- Mar 16
- 2 min read
Online Endowment: Do we judge the value of online vs. in person products differently?
More money is being spent than ever in retail.
However, with the over-crowded shops becoming increasingly off-putting, more and more people are going online to do their shopping. Whilst it may be easy to do, shopping online has interesting effects on the way that we think.
Recent research looked at how we judged the value of products online versus in person. Participants were asked to pay whatever they deemed reasonable for a product.
We are willing to pay significantly more for real life objects than their virtual counterpart. For example, we are prepared to pay $9.59 for a physical book, however just $6.94 for the online version. On iTunes, we are prepared to pay $5.07 for a film, but for the DVD we will pay $8.98.
Researchers suggest that these results are driven by the increased levels of endowment felt when we have the physical object infront of us. It makes the object more tangible and drives our feelings of ownership over the product.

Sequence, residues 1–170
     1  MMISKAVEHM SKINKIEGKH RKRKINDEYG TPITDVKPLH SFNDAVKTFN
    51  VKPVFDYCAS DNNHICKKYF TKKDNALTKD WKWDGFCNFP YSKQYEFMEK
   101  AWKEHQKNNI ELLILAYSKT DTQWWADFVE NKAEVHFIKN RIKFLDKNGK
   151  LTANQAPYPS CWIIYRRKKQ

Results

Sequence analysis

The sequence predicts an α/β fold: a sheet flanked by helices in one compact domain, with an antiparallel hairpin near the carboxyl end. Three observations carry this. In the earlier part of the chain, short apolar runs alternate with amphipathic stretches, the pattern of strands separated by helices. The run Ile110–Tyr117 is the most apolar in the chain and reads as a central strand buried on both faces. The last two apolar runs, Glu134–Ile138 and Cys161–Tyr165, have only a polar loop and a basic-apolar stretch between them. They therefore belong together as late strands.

Researchers go on to theorise 3 mediating factors affecting the degree of endowment we tend to feel towards products.
The first is permanence, the degree to which something is going to be around plays a big role - rented items clearly don’t elicit as strong endowment as items we own.
Secondly is the relevance to consumers identity. If we identify strongly with a product, then this predicts higher purchase intention towards it. Finally there is the degree of our need for control, those with have a low need for control will not interact with objects as much and so feel lower ownership over it.
However what is also interesting, is that physical objects were enjoyed at exactly the same level as their digital counterparts. The endowment effect and our desire for ownership clearly is a big driver in our cognition, affecting our judgements of value.
However whilst we may pay more for physical objects, this doesn’t mean we will actually enjoy them any more.
Atasoy, O., & Morewedge, C. K. (2017).
Digital goods are valued less than physical goods.
Journal of Consumer Research.